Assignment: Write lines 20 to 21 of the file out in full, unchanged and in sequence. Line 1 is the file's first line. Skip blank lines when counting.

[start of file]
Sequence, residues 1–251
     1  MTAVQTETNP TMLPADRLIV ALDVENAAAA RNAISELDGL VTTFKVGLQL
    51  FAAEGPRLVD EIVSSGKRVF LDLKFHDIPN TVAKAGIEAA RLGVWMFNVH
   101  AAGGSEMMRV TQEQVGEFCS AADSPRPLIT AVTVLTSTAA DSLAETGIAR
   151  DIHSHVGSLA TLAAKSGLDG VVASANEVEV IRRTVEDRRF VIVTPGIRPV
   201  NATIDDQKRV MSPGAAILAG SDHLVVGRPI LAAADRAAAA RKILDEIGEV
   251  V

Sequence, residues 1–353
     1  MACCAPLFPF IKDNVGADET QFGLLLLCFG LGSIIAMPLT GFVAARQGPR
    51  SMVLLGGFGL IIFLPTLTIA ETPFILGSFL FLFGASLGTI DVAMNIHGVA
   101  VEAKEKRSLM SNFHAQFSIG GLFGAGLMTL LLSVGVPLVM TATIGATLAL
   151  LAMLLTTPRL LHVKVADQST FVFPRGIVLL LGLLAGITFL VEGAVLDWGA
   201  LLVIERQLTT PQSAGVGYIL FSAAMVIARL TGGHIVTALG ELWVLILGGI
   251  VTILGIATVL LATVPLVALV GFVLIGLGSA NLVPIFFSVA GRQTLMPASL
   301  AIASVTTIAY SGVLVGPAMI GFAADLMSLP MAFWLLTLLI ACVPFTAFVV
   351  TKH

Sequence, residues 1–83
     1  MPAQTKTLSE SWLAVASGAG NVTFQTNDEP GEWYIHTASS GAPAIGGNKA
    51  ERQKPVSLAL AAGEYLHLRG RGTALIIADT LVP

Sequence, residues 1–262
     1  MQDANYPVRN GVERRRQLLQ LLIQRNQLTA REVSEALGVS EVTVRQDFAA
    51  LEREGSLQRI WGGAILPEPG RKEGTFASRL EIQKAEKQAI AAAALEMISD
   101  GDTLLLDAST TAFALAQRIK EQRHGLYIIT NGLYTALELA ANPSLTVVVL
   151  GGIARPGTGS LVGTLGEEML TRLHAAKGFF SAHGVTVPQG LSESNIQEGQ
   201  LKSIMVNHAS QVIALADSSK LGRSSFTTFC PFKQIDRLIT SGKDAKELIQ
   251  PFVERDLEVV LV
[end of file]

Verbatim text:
Sequence, residues 1–262
     1  MQDANYPVRN GVERRRQLLQ LLIQRNQLTA REVSEALGVS EVTVRQDFAA